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New execution protocol to be used on Biros

Published: Tue, December 1, 2009 @ 12:08 a.m.

By Marc Kovac

Kenneth Biros will be put to death next week using the single-drug method.

COLUMBUS — State prison officials implemented a new execution protocol Monday and plan to use it next week on Trumbull County murderer Kenneth Biros.

Barring court intervention, Biros will become the first Ohio inmate to be put to death using the single-drug method, with a direct injection backup if suitable veins are not available for the standard intravenous procedure.

The execution protocol was outlined in an 11-page policy released to reporters Monday during an open house in the death chamber and related facilities at the Southern Ohio Correctional Facility in Lucasville.

“We wanted to equip our staff with the means necessary to carry out their responsibilities under the law,” said Julie Walburn, spokeswoman for the Ohio Department of Rehabilitation and Correction.

The policy, announced earlier in the month by state prison Director Terry Collins, supersedes the three-drug protocol that has been used since Ohio restarted executions in 1999.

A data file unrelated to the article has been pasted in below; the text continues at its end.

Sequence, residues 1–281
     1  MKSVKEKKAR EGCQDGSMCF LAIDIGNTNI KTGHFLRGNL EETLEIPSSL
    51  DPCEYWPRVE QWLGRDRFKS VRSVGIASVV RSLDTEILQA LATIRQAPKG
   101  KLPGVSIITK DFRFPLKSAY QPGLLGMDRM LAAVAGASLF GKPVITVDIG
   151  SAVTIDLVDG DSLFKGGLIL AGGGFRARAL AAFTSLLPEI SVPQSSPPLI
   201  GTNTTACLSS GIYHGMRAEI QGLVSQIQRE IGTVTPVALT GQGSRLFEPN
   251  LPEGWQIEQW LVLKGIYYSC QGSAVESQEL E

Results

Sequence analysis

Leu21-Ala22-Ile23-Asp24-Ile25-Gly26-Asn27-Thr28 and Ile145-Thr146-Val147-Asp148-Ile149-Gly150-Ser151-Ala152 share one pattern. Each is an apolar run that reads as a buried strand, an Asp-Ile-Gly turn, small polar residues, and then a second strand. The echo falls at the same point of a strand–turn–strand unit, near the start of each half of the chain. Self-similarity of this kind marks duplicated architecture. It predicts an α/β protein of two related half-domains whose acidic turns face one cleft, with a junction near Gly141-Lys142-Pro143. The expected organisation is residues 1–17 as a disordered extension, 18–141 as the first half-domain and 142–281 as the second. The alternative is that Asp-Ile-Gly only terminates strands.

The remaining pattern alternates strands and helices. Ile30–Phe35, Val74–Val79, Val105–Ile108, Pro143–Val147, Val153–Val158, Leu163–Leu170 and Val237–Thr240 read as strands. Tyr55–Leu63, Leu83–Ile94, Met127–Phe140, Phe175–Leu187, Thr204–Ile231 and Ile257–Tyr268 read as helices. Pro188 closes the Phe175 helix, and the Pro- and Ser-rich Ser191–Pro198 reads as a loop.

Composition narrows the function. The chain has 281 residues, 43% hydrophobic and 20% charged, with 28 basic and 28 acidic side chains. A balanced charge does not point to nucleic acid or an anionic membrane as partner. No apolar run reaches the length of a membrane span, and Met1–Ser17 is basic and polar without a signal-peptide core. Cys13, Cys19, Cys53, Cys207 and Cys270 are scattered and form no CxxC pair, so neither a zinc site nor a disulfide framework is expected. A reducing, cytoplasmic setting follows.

Walburn said the changes addressed two issues: claims that the former three-drug method could be cruel and unusual punishment and the inclusion of a backup system if inmates’ veins are not accessible for intravenous injections.

A federal court last week cleared Biros’ execution, scheduled for Dec. 8. He faces the death penalty for the 1991 murder of Tami Engstrom, a 22-year-old woman who he offered to drive home from a Masury bar. The victim was murdered and dismembered, with parts of her body scattered in two Pennsylvania counties.

Under the new protocol, execution team members will attempt to connect shunts to an inmate’s veins, starting with the “joint between the upper and lower arm” as the preferred injection site, Walburn said. They’re “allowed as much time as is necessary to establish one or two viable sites.”

In cases where veins are accessible, the inmate will be injected with high doses of a common anesthetic drug until dead. In cases where veins aren’t accessible, the inmate will receive a single injection of a sedative and a painkiller into a major muscle, like the thigh, the deltoid or triceps.

In the latter case, injections will be given every five minutes until the inmate stops breathing and is pronounced dead.

“I’m sure that there will be litigation surrounding any execution procedures that we set forth,” Walburn said. “Our experts that we talked to believe that this is no more painful than the other injection of establishing an IV site. Intramuscular injection is similar to ... a flu shot injection.”

She added, “Certainly, they have the right to litigate, and I’m sure they’ll choose to do so. But we think this is an appropriate execution protocol.”


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